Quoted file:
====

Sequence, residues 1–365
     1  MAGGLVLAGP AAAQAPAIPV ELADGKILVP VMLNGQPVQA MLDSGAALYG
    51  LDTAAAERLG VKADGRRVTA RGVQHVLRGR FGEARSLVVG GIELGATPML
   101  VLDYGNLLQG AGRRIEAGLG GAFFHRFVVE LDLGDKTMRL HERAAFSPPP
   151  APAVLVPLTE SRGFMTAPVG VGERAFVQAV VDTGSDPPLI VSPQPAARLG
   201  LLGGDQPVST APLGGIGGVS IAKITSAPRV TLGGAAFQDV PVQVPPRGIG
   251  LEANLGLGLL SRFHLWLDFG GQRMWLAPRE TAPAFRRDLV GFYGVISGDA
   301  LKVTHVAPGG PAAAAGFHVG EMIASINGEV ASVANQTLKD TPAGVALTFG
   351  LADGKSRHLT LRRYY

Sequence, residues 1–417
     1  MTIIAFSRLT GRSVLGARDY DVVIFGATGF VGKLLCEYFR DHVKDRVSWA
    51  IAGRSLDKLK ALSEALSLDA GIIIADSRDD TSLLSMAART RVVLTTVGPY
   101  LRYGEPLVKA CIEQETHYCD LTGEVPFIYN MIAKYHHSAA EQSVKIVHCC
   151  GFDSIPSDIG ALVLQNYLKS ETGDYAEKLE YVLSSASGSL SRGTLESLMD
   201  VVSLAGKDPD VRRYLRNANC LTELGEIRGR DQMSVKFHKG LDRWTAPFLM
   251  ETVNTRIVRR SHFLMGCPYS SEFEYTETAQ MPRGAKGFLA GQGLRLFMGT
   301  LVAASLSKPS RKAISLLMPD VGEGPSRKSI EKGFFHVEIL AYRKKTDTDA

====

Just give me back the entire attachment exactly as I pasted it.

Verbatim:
Sequence, residues 1–365
     1  MAGGLVLAGP AAAQAPAIPV ELADGKILVP VMLNGQPVQA MLDSGAALYG
    51  LDTAAAERLG VKADGRRVTA RGVQHVLRGR FGEARSLVVG GIELGATPML
   101  VLDYGNLLQG AGRRIEAGLG GAFFHRFVVE LDLGDKTMRL HERAAFSPPP
   151  APAVLVPLTE SRGFMTAPVG VGERAFVQAV VDTGSDPPLI VSPQPAARLG
   201  LLGGDQPVST APLGGIGGVS IAKITSAPRV TLGGAAFQDV PVQVPPRGIG
   251  LEANLGLGLL SRFHLWLDFG GQRMWLAPRE TAPAFRRDLV GFYGVISGDA
   301  LKVTHVAPGG PAAAAGFHVG EMIASINGEV ASVANQTLKD TPAGVALTFG
   351  LADGKSRHLT LRRYY

Sequence, residues 1–417
     1  MTIIAFSRLT GRSVLGARDY DVVIFGATGF VGKLLCEYFR DHVKDRVSWA
    51  IAGRSLDKLK ALSEALSLDA GIIIADSRDD TSLLSMAART RVVLTTVGPY
   101  LRYGEPLVKA CIEQETHYCD LTGEVPFIYN MIAKYHHSAA EQSVKIVHCC
   151  GFDSIPSDIG ALVLQNYLKS ETGDYAEKLE YVLSSASGSL SRGTLESLMD
   201  VVSLAGKDPD VRRYLRNANC LTELGEIRGR DQMSVKFHKG LDRWTAPFLM
   251  ETVNTRIVRR SHFLMGCPYS SEFEYTETAQ MPRGAKGFLA GQGLRLFMGT
   301  LVAASLSKPS RKAISLLMPD VGEGPSRKSI EKGFFHVEIL AYRKKTDTDA